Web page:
The White House argued Tuesday that high turnout and voter suppression could happen simultaneously, in defense of President Joe Biden’s criticism of Georgia’s electoral law.
White House Press Secretary Karine Jean-Pierre was asked about Georgia’s record early voter turnout, a state president Joe Biden claimed to have a “Jim Crow”-esque voting system.
“High turnout and voter suppression can happen at the same time,” she said at her press conference.
She pointed out that President Biden was referring to the slew of voting laws passed after Donald Trump’s false claim that he was the real winner of the 2020 presidential election and the victim of vote fraud.
Republican-controlled states have introduced tougher voting policies in the wake of those elections. Due to the covid pandemic, many states had expanded absentee voting and mailing by 2020.
By 2022, at least seven states will pass ten laws that will make voting more difficult. Brennan Center for Justice.
“The president has been very clear that based on The Big Lie, there has been a host of anti-voter policies for some states that are testing Americans’ fundamental right to vote,” Jean-Pierre said. “This is against our most basic values.”
“Of course, high voter turnout and voter suppression can happen at the same time,” she added. “One doesn’t have to come naturally. It can happen at the same time.’
She declined to go into more specific details, citing the Hatch Act, a federal law that prohibits federal employees from engaging in political activity at work.
White House press secretary Karine Jean-Pierre was asked about Georgia’s record early voter turnout, a state president Joe Biden claimed he had a ‘Jim Crow’-style voting bill: ‘High turnout and voter suppression can happen at the same time ,’ she said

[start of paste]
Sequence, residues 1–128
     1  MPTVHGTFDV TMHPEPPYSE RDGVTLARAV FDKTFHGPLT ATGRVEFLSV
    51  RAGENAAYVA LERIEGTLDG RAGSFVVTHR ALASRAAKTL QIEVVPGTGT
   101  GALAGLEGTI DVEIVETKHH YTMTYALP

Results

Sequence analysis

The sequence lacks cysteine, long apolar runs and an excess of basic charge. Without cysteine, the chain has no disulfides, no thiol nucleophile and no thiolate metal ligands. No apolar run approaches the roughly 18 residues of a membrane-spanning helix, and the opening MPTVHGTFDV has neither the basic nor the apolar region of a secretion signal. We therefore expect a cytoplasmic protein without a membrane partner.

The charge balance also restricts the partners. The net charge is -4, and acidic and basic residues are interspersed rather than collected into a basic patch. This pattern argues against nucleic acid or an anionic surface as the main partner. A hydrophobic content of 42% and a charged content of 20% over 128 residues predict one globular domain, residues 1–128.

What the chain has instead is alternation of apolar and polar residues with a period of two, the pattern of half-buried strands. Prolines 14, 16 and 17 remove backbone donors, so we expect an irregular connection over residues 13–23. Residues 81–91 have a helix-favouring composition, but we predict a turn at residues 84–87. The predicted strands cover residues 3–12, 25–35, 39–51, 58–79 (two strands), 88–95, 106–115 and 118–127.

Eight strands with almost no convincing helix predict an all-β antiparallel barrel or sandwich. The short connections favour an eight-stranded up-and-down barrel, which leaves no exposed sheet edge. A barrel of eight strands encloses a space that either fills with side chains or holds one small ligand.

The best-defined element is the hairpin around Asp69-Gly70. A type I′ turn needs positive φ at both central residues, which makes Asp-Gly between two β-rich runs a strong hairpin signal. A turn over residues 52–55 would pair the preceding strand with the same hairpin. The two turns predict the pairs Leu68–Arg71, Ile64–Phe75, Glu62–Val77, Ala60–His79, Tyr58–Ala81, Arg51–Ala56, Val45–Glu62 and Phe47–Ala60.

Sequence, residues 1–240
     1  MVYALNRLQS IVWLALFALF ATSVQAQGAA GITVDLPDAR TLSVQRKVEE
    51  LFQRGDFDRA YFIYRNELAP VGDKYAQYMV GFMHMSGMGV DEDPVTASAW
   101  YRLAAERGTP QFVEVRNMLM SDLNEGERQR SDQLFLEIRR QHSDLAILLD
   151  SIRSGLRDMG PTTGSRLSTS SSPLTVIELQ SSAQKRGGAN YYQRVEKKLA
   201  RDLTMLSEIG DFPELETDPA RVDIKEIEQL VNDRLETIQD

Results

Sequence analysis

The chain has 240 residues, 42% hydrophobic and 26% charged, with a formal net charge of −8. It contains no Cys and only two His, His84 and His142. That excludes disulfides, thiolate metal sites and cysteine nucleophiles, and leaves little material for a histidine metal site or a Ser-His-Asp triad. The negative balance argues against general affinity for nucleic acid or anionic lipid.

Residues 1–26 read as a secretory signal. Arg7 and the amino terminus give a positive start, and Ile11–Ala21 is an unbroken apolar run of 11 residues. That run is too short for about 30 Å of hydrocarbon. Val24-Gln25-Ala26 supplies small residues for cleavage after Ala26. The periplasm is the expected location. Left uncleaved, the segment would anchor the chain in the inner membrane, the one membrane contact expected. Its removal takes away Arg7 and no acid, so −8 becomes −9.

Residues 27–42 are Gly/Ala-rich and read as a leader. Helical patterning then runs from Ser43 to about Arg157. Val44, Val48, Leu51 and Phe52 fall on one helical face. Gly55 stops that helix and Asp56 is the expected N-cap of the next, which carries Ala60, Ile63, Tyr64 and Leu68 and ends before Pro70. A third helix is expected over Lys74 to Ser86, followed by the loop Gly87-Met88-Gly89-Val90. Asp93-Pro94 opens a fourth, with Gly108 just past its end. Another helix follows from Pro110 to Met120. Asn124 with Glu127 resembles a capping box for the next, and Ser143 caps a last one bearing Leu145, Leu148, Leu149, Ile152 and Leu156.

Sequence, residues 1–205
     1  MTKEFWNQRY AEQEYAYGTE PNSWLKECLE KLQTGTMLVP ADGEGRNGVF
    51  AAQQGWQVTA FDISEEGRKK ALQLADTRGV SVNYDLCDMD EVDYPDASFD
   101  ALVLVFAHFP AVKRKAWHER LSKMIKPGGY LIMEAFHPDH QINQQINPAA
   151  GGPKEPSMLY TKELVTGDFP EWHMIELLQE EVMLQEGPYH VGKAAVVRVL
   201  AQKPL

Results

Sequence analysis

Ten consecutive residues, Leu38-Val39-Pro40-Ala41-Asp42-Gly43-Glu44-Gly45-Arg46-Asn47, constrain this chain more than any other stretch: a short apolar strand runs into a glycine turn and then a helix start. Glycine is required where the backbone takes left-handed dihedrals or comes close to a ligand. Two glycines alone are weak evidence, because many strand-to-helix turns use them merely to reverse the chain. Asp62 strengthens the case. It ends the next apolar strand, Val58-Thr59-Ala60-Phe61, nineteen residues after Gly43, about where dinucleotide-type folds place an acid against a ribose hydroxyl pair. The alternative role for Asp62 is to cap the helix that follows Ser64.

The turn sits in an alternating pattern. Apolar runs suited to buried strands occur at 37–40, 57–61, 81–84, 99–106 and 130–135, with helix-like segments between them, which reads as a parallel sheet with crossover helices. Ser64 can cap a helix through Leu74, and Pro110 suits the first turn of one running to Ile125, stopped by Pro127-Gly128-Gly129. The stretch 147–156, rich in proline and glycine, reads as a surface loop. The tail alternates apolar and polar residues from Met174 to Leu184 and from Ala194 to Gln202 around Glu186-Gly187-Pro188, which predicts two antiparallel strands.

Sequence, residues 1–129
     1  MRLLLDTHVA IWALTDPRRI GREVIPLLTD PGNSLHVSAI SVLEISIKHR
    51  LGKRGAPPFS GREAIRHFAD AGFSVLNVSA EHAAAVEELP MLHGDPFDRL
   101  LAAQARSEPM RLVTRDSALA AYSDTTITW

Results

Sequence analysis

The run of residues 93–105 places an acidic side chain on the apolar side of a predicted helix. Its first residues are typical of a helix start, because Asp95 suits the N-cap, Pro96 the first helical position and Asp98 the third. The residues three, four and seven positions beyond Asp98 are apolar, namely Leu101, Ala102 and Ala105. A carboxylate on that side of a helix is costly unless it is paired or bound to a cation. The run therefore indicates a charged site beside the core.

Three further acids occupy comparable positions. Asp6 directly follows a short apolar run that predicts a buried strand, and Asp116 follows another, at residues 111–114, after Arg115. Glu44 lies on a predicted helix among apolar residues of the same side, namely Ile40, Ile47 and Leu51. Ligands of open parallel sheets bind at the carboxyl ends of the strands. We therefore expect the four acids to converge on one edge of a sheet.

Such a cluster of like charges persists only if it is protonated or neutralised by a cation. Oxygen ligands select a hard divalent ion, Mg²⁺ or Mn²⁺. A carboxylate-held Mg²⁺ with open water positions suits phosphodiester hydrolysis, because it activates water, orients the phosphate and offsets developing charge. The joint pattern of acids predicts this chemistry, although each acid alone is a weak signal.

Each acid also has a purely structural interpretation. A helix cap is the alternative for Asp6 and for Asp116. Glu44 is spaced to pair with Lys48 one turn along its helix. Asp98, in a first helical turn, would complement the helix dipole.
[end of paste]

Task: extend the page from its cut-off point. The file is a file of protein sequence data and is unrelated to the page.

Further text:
Citizens cast their votes this week for November’s midterm elections at early polls in Fulton County, Atlanta, Georgia
In March 2021, Biden called Georgia’s newly passed voting law “Jim Crow in the 21st century” and “an atrocity.”
Biden won Georgia in 2020 and Trump is under investigation in the state over allegations that he and his allies pressured state officials to reverse the results in the presidential contest.
Georgia’s new law sets new voter identification requirements for absentee ballots, restricts the use of ballot boxes, makes it a crime to approach voters in line to give them food and water, and gives state officials more power over local elections.
It is in effect for the November 8 election that will determine control of Congress. On that date, the state also elects a new governor.
By Sunday, about 838,000 Georgians had cast their ballots, most in person at polling stations ahead of time, the rest returned the ballots.
That is almost 60% higher than the total of the votes at the moment in 2018, the last midterm elections.